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Date Submitted: 09/18/2012 06:45 PM

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Intel Corporation: 1968–2003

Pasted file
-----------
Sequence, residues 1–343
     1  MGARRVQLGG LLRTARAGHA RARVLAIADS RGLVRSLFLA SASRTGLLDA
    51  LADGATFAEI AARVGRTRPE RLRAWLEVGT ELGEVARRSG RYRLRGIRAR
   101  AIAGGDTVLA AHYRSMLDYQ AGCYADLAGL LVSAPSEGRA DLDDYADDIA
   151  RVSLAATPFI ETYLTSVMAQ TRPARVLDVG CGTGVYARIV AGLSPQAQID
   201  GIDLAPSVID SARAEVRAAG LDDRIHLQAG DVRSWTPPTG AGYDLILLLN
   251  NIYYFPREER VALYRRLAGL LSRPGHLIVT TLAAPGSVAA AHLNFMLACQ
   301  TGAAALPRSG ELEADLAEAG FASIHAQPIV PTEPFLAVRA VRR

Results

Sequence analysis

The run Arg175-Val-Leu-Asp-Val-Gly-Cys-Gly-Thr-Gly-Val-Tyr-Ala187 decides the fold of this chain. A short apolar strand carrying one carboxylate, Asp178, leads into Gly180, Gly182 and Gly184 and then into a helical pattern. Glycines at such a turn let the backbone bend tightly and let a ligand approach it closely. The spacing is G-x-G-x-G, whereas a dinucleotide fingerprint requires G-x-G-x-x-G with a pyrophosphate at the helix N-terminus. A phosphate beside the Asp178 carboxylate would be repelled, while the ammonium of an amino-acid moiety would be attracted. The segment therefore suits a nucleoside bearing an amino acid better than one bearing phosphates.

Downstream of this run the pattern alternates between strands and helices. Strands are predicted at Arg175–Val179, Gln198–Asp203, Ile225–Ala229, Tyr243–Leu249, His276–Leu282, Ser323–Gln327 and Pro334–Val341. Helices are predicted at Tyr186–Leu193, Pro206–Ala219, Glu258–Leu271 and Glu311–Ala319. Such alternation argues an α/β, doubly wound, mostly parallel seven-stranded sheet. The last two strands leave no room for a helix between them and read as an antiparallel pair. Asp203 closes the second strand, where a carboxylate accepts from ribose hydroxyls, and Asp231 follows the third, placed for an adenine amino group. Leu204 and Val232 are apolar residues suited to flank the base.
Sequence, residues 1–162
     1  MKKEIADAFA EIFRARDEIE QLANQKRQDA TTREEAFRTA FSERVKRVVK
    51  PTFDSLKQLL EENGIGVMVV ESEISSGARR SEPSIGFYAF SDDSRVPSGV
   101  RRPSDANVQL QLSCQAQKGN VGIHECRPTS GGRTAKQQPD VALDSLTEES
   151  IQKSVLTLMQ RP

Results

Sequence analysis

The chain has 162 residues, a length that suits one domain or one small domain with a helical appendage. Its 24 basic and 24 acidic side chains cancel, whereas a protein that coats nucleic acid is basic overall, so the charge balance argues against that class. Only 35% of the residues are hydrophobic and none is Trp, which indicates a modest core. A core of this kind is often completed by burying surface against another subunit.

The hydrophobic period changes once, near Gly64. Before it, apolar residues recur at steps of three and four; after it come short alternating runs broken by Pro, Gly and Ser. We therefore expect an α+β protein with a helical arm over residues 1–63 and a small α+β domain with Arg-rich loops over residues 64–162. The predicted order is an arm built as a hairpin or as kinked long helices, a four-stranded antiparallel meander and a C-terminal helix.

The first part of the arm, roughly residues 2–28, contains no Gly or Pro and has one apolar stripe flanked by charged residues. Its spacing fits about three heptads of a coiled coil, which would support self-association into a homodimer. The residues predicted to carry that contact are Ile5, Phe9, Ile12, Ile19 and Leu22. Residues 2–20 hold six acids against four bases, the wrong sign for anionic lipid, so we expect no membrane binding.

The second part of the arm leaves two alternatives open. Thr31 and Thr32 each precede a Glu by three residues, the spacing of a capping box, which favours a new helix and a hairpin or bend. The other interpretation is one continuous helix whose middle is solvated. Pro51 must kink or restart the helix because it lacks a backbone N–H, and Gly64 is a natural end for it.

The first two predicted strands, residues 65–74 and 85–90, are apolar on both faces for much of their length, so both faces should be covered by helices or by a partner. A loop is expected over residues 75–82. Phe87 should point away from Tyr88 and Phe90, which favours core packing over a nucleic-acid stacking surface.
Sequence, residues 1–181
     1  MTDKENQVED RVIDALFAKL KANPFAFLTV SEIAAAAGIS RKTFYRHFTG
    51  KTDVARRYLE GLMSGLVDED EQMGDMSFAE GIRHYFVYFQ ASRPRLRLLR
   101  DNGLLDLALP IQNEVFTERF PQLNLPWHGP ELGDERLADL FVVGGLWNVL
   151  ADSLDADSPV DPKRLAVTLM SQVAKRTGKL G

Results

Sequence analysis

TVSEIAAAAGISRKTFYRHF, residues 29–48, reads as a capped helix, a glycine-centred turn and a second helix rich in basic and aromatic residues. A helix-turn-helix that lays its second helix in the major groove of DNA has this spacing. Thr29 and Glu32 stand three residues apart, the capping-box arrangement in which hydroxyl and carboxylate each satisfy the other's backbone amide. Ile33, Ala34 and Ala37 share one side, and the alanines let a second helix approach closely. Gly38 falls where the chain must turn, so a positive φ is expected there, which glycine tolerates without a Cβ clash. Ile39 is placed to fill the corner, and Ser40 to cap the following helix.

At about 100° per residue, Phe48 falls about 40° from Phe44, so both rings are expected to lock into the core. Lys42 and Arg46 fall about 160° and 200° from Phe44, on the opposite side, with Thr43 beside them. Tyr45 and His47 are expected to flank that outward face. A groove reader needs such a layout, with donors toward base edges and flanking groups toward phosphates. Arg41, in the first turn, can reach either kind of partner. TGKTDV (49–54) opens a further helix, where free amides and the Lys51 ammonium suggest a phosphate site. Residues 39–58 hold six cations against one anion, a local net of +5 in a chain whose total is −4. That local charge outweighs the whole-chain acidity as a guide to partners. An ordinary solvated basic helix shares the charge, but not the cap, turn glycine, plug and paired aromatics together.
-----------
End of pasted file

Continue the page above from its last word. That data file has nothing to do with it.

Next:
In September 2000, Intel’s stock market valuation peaked at $510 billion, making it one of the two most valuable companies in the world. Intel’s phenomenal success was built on the microprocessor (also known as the central processing unit, or CPU), a product it invented in 1971. Intel began as a leading manufacturer of memory chips, switched to microprocessors in the 1980s, and by the late 1990s had evolved its strategy to become the main supplier of the building blocks for the Internet economy. As the company stated in its 2001 annual report: There’s plenty of room for growth in the Internet revolution. In the next two decades, we predict ubiquitous networks worldwide, with tens of millions of servers connecting billions of PCs and other clients. All of these systems are based on silicon, much of it from Intel. We are well positioned to be at the heart of this long-term technology build-out, with innovative architectures targeted at key Internet areas. Our computing and communications products are the basic building blocks of the Internet. By December 2002, however, the semiconductor industry was mired in its worst recession in history. Intel’s sales, profits, and valuation had plummeted over the prior two years (see Exhibits 1 and 2). To restore growth, Craig Barrett, Intel’s CEO, placed a number of bets. Most important, he believed that “innovation was the key to escaping a recession,” so he continued investing in research and development (R&D) and manufacturing capacity while most of Intel’s competitors cut back. In addition, Intel was pouring billions of dollars into networking and communications silicon, despite a depression in the communications industry. The obvious questions were: Would these moves restore Intel’s historical performance? Would Intel be able to once again shape industry structure to become the leading building-block...